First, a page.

- He or she is qualified in his or her country to adopt
- His or her government will allow the adoptee to enter the parent's country and reside there permanently as an adopted child
The foreign national interested in adopting should submit all necessary clearances and certification as required by the DSWD.
Who may be adopted?
According to RA 8552, the following may be adopted:
- Any person below 18 years of age that has been administratively or judicially declared available for adoption
- The legitimate child of one spouse from another spouse
- An illegitimate child by a qualified adopter to be considered as a legitimate child
- A person of legal age, prior to adoption, that has been consistently considered as his own child since the prospective adoptee is a minor
- A child whose adoption has been previously revoked
- A child whose biological or adoptive parents has died. However, no proceedings can be started within 6 months from the time of death of the parents
What are the requirements?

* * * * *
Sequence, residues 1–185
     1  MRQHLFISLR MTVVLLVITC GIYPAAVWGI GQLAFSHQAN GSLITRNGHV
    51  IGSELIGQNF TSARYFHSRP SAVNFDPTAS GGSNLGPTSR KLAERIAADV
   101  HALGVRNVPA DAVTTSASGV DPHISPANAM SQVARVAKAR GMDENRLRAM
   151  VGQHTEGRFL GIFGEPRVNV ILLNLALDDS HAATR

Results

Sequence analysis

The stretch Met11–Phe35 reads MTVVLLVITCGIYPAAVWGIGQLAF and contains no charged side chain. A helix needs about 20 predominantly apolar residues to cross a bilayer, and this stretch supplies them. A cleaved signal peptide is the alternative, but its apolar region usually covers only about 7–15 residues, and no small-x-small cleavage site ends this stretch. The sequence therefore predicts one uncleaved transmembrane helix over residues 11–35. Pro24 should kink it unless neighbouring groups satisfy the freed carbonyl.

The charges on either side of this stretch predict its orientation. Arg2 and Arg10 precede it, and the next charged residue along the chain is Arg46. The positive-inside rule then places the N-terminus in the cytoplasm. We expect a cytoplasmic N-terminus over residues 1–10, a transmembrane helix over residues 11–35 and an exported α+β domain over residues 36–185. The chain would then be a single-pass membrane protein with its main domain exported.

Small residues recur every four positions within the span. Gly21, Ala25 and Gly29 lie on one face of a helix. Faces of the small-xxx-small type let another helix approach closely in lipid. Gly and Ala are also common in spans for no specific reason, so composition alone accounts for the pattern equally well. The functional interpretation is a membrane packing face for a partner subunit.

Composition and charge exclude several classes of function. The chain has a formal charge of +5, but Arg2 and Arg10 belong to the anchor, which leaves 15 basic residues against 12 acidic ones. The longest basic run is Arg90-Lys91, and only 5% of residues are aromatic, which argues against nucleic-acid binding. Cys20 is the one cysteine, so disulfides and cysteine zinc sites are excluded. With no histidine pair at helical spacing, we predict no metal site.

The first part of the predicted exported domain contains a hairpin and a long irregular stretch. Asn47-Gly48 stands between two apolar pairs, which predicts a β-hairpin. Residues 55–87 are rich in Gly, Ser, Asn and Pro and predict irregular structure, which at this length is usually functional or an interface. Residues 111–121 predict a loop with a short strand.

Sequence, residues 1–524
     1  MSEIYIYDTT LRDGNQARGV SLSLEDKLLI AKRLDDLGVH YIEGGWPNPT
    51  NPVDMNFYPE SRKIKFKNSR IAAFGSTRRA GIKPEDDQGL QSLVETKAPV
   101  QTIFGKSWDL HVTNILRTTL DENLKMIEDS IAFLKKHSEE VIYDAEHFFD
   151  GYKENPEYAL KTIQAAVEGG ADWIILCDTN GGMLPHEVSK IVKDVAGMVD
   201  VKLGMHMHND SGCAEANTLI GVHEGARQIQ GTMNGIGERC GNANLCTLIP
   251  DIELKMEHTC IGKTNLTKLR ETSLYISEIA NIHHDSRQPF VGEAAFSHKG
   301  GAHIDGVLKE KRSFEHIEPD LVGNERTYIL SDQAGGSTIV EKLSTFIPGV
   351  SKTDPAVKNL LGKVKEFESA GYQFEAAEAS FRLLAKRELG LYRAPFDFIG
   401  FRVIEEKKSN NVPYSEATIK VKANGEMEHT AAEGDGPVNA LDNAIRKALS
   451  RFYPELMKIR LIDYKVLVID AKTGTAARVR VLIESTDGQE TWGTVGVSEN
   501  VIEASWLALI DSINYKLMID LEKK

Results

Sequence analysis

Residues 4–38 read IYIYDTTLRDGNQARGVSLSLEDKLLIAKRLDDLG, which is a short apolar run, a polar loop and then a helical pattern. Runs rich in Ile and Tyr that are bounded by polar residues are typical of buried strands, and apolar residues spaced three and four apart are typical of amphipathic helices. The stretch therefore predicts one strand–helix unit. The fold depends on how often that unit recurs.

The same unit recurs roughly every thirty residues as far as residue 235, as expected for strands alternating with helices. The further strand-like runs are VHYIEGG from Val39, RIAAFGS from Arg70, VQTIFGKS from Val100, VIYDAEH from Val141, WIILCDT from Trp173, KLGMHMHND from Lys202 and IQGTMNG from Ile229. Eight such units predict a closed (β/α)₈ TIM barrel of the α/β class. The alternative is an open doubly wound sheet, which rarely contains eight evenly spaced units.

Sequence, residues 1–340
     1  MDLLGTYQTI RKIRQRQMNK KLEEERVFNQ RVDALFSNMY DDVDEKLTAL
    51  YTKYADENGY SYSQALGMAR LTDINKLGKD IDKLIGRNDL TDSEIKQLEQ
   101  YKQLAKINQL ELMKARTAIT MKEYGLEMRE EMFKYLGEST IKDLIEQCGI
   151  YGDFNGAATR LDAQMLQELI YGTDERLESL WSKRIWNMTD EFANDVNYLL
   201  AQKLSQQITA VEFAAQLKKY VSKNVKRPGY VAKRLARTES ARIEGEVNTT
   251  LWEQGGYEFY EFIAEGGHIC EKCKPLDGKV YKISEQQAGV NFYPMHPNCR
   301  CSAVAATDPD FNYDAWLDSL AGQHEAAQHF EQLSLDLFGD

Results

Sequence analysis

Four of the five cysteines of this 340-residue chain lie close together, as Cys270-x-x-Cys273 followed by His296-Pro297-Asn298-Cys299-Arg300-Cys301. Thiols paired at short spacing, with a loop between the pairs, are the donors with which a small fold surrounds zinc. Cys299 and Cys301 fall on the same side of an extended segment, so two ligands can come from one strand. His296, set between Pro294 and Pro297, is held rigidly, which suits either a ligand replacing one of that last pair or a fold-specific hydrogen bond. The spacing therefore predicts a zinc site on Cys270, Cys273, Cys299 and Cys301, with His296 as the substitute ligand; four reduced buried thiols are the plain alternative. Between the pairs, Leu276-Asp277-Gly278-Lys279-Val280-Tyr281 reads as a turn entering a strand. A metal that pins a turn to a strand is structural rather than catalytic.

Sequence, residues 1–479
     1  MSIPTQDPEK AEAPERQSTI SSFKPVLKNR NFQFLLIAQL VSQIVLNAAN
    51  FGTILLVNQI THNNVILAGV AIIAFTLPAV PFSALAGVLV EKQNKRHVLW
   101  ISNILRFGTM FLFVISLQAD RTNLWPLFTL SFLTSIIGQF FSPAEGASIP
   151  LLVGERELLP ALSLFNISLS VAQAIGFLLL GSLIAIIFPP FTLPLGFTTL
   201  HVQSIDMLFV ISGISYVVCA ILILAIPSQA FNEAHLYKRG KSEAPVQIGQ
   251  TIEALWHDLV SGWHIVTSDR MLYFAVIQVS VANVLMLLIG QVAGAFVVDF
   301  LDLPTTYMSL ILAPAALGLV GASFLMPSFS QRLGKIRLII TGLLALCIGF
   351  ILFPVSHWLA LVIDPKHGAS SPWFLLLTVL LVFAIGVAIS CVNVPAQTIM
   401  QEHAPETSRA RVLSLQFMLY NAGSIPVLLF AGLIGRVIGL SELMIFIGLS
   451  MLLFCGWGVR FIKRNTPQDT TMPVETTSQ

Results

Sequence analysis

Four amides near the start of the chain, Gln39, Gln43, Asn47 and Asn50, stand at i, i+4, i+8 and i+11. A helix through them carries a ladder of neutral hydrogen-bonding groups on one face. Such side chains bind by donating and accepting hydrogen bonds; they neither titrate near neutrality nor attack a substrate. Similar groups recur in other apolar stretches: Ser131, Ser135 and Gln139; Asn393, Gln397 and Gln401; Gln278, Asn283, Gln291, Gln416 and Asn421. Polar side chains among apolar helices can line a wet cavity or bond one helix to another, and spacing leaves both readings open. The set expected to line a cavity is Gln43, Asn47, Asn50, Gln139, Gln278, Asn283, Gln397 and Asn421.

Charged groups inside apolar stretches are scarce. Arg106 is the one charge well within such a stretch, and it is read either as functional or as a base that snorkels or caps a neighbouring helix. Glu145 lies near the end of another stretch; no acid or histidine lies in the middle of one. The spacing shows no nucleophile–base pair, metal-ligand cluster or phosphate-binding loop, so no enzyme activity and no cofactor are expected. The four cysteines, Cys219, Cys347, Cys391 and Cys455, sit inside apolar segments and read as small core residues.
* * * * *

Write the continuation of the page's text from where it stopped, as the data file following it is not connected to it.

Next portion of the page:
Here are the documents needed for adoption:
- Child Study Report prepared and signed by a licensed social worker handling the case
- Birth Certificate or Foundling Certificate
- Death certificates of parents, if applicable
- Certification of A Child Legally Available for Adoption. This may not be necessary if the adopters are within the 4th degree of affinity or the child's step-parent.
- Medical or Health profile and history
- Psychological evaluation for children 5 years old and above
- Recent photo of the child
- Child profile signed by the social worker handling the case
- Written consent to adoption for children 10 years and above
Prospective adoptive parents
- Filipino applicants
- Home study report with the following documents:
- Authenticated Birth Certificate
- If married, marriage Certificate in Security Paper form. If separated, authenticated divorce papers with copy of court decision and Certificate of Finality, or Annulment Decree with Certificate of Finality, Declaration of Nullity, or Legal Separation Documents
- Written consent to adoption by the legitimate and adopted children living with the applicant who are at least 10 years old
- Physical and medical evaluation by a duly license physican to certify that the applicant has no medical condition that will prevent him or her from assuming parental duties
- Psychological evaluation report